Skip to comments.Fig Island has remarkable examples of shell rings
Posted on 04/19/2005 11:13:05 PM PDT by SunkenCiv
[V]egetation disguises one of the most important, and least appreciated, cultural history sites in the country, archaeologists say. Much of Fig Island was built by man, not nature. Three of the four separate pieces of high ground that make up the 40-acre island were constructed about 4,000 years ago. Oyster shells - with some conch-type shells, broken pottery and a few animal bones mixed in - were crafted into stadium-like rings and crescents for reasons that remain a mystery... The Fig Island complex features one ring with the largest open interior plaza (slightly more than an acre), another ring with the smallest plaza (about the area of a basketball court) and the largest mound by volume of any of the known shell enclosures. The oyster shells brought to Fig Island to build the mounds would fill 12 Olympic-size swimming pools.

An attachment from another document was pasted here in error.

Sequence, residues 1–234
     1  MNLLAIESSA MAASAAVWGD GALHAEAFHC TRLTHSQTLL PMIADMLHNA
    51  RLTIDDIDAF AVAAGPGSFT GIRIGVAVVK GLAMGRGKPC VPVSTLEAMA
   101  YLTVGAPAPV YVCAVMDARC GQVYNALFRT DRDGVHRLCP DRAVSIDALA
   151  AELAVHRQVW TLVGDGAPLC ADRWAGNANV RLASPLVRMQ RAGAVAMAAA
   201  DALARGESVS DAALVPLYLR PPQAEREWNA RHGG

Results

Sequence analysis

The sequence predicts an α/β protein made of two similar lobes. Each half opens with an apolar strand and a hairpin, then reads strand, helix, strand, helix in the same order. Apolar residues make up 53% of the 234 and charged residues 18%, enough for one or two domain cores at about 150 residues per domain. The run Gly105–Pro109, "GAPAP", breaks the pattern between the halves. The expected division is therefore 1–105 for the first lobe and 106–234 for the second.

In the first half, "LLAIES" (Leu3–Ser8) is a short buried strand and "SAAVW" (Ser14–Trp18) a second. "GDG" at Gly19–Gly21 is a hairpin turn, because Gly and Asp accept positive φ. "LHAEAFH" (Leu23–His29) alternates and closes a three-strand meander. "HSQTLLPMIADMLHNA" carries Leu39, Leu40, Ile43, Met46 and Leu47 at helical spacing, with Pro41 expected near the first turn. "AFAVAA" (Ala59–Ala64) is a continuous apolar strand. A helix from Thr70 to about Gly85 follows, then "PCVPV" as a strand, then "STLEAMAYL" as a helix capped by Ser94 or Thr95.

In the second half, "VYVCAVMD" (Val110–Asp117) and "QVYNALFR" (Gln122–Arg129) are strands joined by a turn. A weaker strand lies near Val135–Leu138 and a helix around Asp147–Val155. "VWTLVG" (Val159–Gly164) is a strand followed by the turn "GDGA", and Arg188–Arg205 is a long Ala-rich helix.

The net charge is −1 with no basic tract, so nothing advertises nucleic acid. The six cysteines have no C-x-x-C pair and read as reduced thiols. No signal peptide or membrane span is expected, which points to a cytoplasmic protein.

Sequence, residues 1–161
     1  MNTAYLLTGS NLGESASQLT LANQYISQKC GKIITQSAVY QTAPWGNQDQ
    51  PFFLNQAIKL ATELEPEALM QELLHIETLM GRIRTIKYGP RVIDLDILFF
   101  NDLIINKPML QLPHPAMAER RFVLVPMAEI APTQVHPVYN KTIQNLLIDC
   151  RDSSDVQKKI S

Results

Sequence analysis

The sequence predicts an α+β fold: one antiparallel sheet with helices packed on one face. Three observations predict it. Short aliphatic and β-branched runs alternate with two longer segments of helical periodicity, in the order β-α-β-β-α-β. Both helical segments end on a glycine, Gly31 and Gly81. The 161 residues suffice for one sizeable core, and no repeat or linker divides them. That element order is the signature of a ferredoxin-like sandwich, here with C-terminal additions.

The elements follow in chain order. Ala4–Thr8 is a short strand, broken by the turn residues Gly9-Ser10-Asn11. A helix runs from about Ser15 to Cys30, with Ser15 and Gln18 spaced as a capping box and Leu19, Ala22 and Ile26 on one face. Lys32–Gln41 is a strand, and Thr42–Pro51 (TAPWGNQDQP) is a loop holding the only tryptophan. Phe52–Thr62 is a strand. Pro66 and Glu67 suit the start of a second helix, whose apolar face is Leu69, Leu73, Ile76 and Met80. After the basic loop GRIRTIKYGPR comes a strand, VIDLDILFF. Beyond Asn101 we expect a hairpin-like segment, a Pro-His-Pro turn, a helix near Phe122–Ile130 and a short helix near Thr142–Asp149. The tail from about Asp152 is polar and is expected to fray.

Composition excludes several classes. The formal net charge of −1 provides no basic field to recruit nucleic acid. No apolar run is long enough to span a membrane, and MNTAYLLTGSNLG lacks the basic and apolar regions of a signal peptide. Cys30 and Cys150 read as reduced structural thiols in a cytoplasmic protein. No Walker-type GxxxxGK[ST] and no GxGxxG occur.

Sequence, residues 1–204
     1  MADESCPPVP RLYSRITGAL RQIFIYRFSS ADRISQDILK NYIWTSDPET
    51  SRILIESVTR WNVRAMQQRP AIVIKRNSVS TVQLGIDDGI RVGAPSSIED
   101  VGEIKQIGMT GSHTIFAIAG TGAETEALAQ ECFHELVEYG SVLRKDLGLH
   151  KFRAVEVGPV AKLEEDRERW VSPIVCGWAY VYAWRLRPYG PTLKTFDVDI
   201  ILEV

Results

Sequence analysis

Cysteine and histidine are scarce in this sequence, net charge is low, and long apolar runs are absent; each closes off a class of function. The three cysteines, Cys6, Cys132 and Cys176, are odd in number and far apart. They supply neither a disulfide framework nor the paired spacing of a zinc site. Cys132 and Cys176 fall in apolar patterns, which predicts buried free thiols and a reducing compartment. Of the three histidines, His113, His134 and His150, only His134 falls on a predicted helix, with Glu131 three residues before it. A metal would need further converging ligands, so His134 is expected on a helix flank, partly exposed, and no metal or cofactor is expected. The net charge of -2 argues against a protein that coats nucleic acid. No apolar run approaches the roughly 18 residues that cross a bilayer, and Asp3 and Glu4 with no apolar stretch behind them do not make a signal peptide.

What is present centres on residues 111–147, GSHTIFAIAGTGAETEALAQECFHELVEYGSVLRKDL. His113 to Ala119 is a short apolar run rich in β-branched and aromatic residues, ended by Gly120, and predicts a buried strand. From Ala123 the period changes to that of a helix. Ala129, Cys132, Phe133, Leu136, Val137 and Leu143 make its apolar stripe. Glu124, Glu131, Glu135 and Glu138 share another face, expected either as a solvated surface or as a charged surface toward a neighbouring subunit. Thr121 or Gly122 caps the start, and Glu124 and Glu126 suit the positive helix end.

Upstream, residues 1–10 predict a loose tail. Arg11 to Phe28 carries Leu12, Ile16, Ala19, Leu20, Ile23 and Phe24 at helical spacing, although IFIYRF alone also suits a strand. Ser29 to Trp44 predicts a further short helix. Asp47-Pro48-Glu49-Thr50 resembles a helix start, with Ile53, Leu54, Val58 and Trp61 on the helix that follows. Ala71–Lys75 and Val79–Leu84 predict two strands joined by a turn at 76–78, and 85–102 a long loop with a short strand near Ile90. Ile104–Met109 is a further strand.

(Excerpt) Read more at myrtlebeachonline.com ...
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